And while everything seems safe, secure and certain in Scott Hall, the stories about his visit paint a different picture of life in Chiapas, México—Zapatista forces controlling entire municipalities, Roman Catholic leaders working with Mayan descendents to preserve their traditions, and Gaillardetz interviewing a former bishop who arrived in a bulletproof van with armed guards.
Gaillardetz's visit to México earlier this year was part of a project titled, “The Church in Global Perspective,” funded in part by a $44,910 grant from the Louisville Institute. His trip, as well as ones to South Africa at the end of August and the Philippines in January 2006, will help him investigate how church leaders are interacting with people from native faith traditions and how they are defining the role of the church in these countries.
Gaillardetz described Chiapas as the poorest state in México and as a “tinderbox” — a place where the Zapatista forces, Mexican government officials and paramilitary groups clash.
“We had to get permission to enter the Zapatista-controlled municipalities,” he said. “At the outside of each one was a heavily armed post of the Mexican army. The guards there would check your license plates and write them down for each car that came in and out. Honestly, I was more afraid of the government soldiers than the Zapatistas.”
The dangerous atmosphere was especially apparent when Gaillardetz was visited by Samuel Ruiz, who was the bishop of San Cristobal de las Casas for 40 years. "He was driven for an hour and half in a bulletproof van to see me with three armed guards. There have been threats against him," Gaillardetz explained. Ruiz is targeted because he has subtly challenged the treatment of women in the country. He is also a critic of the powerful, wealthy landowners who disenfranchised the Mayan descendents.
Interviewing Ruiz, Gaillardetz found it interesting that the former bishop had changed his initial stance on the Catholic Church's role in the region. "When he began, he was a meztizo [indicating someone of mixed European and native heritage] and very conservative. He tried to make the local people learn Spanish and stop using Tzotzil [their native language]," Gaillardetz said. "But then he realized this was killing their culture."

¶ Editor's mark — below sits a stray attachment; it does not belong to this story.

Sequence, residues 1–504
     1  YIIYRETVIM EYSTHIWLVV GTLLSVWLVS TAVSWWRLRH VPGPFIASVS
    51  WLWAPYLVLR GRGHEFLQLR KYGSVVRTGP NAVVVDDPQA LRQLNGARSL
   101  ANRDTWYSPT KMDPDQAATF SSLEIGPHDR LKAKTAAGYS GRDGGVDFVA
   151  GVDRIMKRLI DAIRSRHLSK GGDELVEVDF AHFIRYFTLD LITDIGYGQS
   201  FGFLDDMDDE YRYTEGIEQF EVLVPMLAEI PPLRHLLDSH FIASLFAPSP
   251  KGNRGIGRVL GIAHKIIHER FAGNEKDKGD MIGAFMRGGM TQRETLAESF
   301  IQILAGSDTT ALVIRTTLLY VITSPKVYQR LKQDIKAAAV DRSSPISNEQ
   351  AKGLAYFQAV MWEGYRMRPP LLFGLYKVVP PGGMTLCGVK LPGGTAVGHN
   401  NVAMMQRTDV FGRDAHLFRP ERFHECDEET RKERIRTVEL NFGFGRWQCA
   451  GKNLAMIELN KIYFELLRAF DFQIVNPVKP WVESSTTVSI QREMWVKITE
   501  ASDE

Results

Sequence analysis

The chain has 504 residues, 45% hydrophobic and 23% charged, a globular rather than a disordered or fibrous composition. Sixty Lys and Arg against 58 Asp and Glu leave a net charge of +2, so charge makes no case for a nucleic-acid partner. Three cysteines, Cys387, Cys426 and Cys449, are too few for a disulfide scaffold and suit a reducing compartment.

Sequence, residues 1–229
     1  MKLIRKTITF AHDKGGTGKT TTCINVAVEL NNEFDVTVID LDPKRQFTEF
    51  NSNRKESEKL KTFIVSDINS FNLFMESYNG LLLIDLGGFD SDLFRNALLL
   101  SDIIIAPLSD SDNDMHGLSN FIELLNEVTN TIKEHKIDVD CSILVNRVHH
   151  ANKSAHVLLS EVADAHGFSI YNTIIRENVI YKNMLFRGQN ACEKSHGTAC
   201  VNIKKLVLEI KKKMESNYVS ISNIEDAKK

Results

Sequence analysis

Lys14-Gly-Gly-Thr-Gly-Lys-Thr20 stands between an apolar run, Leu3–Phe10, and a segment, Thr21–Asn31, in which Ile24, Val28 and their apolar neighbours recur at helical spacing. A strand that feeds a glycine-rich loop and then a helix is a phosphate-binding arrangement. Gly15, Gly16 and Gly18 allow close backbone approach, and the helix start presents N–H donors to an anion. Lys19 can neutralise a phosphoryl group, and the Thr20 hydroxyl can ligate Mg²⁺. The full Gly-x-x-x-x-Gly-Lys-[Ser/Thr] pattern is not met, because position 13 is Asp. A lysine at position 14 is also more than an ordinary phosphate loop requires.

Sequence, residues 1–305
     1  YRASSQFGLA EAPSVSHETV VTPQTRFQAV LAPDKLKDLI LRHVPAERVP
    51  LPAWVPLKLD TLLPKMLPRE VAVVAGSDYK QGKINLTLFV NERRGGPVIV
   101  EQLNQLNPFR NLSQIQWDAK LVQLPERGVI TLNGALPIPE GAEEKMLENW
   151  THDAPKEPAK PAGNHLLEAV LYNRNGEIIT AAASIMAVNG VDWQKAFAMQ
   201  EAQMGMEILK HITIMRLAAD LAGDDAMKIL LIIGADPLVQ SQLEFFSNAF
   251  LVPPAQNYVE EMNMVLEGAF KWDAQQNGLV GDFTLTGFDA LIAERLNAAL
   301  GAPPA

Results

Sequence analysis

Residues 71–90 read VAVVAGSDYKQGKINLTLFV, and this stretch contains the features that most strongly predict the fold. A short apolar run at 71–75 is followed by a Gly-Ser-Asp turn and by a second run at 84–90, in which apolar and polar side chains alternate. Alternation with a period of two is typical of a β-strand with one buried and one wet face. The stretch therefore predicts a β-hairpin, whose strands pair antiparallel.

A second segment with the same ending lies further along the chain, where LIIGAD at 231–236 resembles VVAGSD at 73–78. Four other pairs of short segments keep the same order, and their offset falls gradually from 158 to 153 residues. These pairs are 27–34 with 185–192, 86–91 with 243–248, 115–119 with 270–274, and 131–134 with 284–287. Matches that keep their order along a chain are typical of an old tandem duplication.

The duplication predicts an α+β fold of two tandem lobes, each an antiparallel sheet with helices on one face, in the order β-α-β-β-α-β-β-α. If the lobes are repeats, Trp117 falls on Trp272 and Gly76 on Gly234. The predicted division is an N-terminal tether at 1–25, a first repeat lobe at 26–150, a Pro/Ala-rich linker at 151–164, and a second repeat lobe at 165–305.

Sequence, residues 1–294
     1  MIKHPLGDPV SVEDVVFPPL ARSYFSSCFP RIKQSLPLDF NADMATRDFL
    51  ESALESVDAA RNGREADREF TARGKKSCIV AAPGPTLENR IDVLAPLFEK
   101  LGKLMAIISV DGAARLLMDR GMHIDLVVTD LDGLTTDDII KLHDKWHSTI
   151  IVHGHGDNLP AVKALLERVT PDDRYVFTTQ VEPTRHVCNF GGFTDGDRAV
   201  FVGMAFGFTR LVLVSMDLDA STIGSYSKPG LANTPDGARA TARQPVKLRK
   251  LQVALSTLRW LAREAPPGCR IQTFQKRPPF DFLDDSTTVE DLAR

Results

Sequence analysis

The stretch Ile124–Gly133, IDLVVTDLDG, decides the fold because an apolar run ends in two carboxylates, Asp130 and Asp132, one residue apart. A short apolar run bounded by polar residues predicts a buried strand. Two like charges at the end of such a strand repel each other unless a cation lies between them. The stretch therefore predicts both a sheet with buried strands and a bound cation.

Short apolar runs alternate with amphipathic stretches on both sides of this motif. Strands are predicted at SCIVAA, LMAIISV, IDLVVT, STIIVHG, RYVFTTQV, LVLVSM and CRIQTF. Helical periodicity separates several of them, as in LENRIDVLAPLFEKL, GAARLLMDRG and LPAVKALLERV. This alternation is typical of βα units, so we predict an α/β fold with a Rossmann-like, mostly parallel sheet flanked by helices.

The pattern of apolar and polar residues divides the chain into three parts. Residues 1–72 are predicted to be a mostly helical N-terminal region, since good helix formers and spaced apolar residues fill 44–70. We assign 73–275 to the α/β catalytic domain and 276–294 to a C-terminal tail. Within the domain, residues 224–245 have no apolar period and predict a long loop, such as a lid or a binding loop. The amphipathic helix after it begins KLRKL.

Ruiz's new stance was manifested in the mixing of Mayan elements with Christianity. For example, one of the local Catholic churches held morning prayers on a nearby mountain—a practice with roots in ancient tradition.
“In Mayan culture, there is a belief that the gods reside on the mountains and that by touching them, you can be close to them,” Gaillardetz said.
Another thing Gaillardetz noticed was the level of accountability of church leaders in Chiapas. He watched as a village leader lectured a priest about not upholding the ideals of the church in his dealings with a candidate who was preparing for ministry as a deacon. "The priest then got down on his knees and went around to each of the leaders and the candidate and asked for their forgiveness. There was such accountability."
He paused for a moment. "Then that made me think of accountability issues here with the sexual abuse scandals. Obviously, the worst part was the abuse that occurred. But I think that beyond that, the real scandal of the whole thing was the failure of the Catholic Church leadership to be accountable to the people."
In the end, Gaillardetz hopes his next two trips prove to be "just as enriching, but not as risky ... I'm happy I did it," he said. “But it was a little bit more dicey than what I normally would like.”
Editor’s Note: Deanna Woolf is an interim staff writer with the Office of Marketing and Communications at The University of Toledo.